The Roman Republic. Mark Antony & Octavian, Silver Denarius, traveling mint in the East, struck 41 BC, M ANT IMP AVG III VIR R P C M BARBAT Q P, bare head of Antony facing right, rev CAESAR IMP PONT III VIR R P C, bare head of Octavian facing right, 4.12g, 12h. Small banker’s mark on the obverse, excellent portraits, beautiful old cabinet tone. NGC certified as Choice About Uncirculated with a star for eye appeal.
Heritage offered an AU graded NGC coin (quite inferior in grade to the present example) last January which brought slightly more than $4,100. Most extant examples are in seriously dilapidated shape and it’s unusual even to find an example in VF condition. But we found the historical summary in the Heritage catalog interesting and quote it here:
“Mark Antony, Caesar’s chief lieutenant during his dictatorship, became de-factor leader of the Caesarian faction after the Ides of March, 44 BC, and the dominant member of the Second Triumvirate after its formation in the summer of 43 BC. In the carve-up of the Roman world, Antony received the wealthy eastern provinces, which were ripe for plunder, and set about preparing the attack on the Parthian Empire that Caesar had been planning before his death. The Parthians, however, struck first, invading Roman Syria in 40 BC with the help of the rebel Roman general Quintus Labienus. As a holding action while he assembled a huge task force, Antony dispatched the general Publius Ventidius Bassus to the east with a small army. Ventidius stopped the Parthian advance and did far more, crushing their army in a pitched battle, killing the Parthian prince Pacorus, and capturing and executing Labienus. Antony raced East to claim credit for Ventidius’s success; the reverse of this rare denarius, issued in Syria in 38 BC, depicts a military trophy erected to celebrate an important victory and celebrates his being acclaimed as Imperator (victorious general) for the third time (IMP TER). Ventidius received a triumph in Rome for his troubles and was pensioned off to obscurity thereafter.”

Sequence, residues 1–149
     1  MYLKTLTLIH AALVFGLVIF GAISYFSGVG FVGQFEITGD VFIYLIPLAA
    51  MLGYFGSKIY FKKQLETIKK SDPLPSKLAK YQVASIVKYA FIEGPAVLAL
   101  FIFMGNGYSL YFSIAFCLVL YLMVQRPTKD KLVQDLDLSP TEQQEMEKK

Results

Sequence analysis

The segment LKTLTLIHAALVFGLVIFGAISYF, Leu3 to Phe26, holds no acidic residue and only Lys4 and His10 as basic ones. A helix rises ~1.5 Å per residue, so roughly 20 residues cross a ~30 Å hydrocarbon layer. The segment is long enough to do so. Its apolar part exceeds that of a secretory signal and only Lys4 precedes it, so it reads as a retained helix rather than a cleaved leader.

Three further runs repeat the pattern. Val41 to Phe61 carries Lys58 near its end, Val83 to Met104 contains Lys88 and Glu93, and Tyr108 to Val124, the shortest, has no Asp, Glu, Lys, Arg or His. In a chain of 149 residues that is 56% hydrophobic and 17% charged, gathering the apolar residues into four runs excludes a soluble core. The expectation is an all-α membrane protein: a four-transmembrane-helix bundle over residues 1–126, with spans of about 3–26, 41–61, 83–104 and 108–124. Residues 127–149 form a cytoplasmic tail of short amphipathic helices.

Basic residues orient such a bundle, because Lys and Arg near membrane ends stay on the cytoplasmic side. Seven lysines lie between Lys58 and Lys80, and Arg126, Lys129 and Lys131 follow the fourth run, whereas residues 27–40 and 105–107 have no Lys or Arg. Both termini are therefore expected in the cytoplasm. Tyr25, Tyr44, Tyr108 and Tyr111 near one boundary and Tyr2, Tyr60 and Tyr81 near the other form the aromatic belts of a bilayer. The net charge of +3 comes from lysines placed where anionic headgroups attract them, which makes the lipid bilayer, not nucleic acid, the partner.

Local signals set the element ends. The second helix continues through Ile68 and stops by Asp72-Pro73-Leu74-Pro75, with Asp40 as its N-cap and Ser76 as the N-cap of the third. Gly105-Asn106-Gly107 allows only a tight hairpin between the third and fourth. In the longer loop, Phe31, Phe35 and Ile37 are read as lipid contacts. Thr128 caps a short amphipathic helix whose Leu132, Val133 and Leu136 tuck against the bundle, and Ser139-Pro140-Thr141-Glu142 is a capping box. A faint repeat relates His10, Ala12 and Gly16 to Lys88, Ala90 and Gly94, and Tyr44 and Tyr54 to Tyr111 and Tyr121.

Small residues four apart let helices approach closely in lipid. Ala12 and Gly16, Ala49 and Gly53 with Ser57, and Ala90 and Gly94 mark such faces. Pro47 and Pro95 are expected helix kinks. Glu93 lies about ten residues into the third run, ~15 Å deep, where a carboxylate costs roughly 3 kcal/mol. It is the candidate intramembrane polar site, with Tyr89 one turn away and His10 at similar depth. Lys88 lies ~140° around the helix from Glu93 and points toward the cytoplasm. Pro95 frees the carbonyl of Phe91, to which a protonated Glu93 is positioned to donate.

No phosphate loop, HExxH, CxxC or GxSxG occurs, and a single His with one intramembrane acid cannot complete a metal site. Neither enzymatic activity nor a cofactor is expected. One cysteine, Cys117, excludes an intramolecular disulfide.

From the Alfred Franklin Collection. Previously ex Platt Hall collection, 1950, lot 681